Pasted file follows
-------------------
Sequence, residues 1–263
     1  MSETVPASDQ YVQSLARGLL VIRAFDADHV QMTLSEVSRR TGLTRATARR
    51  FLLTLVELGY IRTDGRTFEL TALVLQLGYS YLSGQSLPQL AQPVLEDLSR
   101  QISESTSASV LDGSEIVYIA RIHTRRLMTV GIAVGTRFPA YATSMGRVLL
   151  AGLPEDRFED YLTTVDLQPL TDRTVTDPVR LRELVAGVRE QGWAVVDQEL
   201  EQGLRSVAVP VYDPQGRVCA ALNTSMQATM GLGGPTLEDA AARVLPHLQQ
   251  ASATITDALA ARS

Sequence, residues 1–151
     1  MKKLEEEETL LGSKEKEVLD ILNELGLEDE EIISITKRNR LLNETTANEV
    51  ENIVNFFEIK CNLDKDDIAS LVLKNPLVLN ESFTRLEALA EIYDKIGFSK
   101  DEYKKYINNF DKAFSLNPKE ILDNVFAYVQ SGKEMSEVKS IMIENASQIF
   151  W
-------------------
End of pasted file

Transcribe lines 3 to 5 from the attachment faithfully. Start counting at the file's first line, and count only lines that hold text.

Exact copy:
    51  FLLTLVELGY IRTDGRTFEL TALVLQLGYS YLSGQSLPQL AQPVLEDLSR
   101  QISESTSASV LDGSEIVYIA RIHTRRLMTV GIAVGTRFPA YATSMGRVLL
   151  AGLPEDRFED YLTTVDLQPL TDRTVTDPVR LRELVAGVRE QGWAVVDQEL